New York Live Arts, New York, NY.
December 14, 2022.
Yag 2022, presented as part of Gibney Company’s Up Close series, is a reimagining of Ohad Naharin’s acclaimed 1996 work, Yag, originally created for Batsheva Dance Company.
The lights come up to reveal a red door-like object and a female dancer standing center stage. She holds her left arm up, circling her hips to ambient music. Four dancers enter from all sides wearing street clothes. The dancer in the center introduces herself: “My name is Eleni.” (They use their real names.)
“I have a brother and a sister.” Eleni speaks robotically, her speech spaced out: “My mother is dead. My father is also dead.” Everyone drops to their knees, and against the plain-spoken text and previously slow movement, this abrupt level shift is captivating. The grandfather, Jacob, does a silly, light-footed dance in his pajamas, and they all arrive in a family photo. “Once my family really really loved to dance.”
Every movement feels important, and every moment of unison is incredibly well-timed despite the apparent nonexistence of any countable music. The dancers’ measured movement, blank stares and frontal orientation are periodically pierced with frenzied bursts of virtuosic dancing. There are no in-betweens –– the transitions from calmness to hysteria are invisible.
The characters are very clear, even without the introductions that structure the piece. Solo breakout moments establish unique movement vocabularies and styles (the dad, Jesse, for example, flaunts a cute nerdiness while performing impossible jumps and seemingly ankle-breaking drops), and the dichotomy between individual personalities and family resemblance forges a productive tension that contributes to the simultaneously energetic and quiet atmosphere that unites the work. (I found the grandfather character to be the least developed, perhaps a commentary on elderly people being treated as invisible in contemporary, consumerist culture.)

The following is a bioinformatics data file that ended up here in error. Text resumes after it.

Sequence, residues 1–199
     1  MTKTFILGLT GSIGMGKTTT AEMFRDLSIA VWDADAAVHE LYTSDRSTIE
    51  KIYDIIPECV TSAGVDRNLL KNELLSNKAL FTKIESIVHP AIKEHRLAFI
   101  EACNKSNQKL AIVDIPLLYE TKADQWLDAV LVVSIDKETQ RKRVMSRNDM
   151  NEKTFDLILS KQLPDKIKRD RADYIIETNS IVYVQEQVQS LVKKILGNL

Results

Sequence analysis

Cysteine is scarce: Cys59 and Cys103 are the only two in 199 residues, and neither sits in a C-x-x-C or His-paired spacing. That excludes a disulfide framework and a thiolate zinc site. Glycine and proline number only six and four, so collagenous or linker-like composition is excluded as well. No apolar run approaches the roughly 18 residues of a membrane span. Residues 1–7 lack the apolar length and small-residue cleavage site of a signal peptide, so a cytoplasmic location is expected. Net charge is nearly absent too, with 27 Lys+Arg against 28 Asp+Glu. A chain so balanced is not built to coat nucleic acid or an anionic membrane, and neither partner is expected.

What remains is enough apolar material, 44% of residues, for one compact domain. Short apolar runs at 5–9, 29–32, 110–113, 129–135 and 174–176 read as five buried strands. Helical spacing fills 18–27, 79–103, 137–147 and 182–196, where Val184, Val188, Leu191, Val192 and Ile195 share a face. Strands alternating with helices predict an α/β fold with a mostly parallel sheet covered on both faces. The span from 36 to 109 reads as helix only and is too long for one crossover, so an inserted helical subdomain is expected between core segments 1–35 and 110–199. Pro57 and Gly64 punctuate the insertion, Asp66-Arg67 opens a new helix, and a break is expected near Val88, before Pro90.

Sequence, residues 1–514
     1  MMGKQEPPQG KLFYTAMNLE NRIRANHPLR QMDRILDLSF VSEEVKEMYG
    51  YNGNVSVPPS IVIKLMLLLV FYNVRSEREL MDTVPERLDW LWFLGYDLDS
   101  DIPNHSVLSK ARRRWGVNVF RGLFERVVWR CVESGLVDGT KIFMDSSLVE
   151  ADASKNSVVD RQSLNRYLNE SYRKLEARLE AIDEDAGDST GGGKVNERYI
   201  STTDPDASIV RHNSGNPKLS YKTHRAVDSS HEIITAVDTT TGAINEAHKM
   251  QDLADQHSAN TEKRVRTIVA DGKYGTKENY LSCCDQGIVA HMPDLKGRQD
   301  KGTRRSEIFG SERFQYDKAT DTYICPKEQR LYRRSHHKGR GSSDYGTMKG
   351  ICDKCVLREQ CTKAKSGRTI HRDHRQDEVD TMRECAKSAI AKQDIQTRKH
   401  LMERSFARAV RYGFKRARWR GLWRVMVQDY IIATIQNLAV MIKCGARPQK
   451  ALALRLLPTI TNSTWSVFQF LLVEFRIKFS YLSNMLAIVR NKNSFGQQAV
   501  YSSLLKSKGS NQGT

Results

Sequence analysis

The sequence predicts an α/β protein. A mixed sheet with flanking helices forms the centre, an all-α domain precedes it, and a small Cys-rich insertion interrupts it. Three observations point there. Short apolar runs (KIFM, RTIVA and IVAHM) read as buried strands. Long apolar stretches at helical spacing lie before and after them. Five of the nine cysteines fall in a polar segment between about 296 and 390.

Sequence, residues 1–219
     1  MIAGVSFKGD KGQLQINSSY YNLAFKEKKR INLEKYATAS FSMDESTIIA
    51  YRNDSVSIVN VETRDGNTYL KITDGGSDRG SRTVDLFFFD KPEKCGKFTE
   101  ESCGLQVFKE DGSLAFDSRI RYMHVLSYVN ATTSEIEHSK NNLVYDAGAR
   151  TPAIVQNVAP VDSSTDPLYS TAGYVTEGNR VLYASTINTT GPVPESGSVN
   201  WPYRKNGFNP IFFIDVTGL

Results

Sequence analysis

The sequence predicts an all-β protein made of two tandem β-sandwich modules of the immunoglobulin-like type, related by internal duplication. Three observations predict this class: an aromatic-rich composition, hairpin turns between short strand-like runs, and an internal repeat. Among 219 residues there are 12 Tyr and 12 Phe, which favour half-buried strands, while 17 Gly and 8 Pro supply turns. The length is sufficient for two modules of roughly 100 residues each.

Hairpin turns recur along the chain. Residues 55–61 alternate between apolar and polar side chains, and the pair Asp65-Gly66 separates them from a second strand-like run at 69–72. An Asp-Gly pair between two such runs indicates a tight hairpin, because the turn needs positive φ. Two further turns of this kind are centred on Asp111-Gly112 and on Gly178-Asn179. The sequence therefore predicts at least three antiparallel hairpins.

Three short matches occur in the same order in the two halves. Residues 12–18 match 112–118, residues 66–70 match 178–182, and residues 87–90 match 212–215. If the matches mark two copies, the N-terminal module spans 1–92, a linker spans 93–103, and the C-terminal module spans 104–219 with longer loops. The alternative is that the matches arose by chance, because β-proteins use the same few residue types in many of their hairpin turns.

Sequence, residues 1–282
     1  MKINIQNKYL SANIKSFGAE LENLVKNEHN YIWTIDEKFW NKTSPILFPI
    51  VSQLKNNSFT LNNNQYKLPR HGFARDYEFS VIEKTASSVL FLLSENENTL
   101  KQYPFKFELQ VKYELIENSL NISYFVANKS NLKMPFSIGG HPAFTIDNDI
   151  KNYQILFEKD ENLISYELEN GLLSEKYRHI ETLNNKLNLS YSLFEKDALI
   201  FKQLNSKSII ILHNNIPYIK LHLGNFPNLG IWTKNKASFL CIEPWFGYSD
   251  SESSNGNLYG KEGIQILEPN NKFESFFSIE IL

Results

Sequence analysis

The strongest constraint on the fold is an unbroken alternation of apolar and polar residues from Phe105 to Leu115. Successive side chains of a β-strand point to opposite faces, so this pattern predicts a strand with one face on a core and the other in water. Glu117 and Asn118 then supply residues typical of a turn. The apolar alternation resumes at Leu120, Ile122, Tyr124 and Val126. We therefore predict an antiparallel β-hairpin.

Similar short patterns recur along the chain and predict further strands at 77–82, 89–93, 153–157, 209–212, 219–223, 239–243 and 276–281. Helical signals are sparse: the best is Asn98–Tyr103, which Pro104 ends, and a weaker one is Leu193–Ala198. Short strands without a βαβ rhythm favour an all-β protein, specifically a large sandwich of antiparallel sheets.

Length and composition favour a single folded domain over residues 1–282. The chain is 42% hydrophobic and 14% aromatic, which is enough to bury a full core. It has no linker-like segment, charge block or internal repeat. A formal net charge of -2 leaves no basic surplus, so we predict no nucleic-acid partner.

In one section, the dancers walk back and forth across the stage, leaving a family member behind with each pass to perform a short solo. There is no disguising of formation changes or really anything for that matter, and the predictability of certain compositional aspects of the piece, a device used by Naharin in many of his works to varying degrees of success (Decadance: quite successful, Venezuela: not so much), serves as a welcome anchor and throughline in Yag.
A tender music swells and the dad reports: “…loved, really loved, really really loved to dance.” But they don’t love it anymore, and we gradually discover why over the course of the piece.
Now all the dancers exit except Jie-Hung, the mom, and Miriam, the sister, who perform a series of assisted head rolls as Eleni reenters, carefully laying out fortune cookies in an evenly spaced line from downstage left to upstage right. Jacob, the grandfather, enters soon after, crunching down the line, sparing one cookie between each step. Jesse, the father, comes in behind to smash the cookies left in Jacob’s wake, and Kevin, the brother, follows as static builds in the sound score. (Are the men crushing the women’s dreams? Or perhaps their ideas about fate? About luck and the power of false traditions?) Eleni eats the last cookie and breaks the deadpan facial expression that’s so far dominated the piece, snarkily chomping as the sound continues to surge. She lets the fortune fall carelessly to the floor and starts swaying her pelvis forward and back flirtatiously. She’s soon joined in this action by her mother and sister. (A victory of the women over the men?)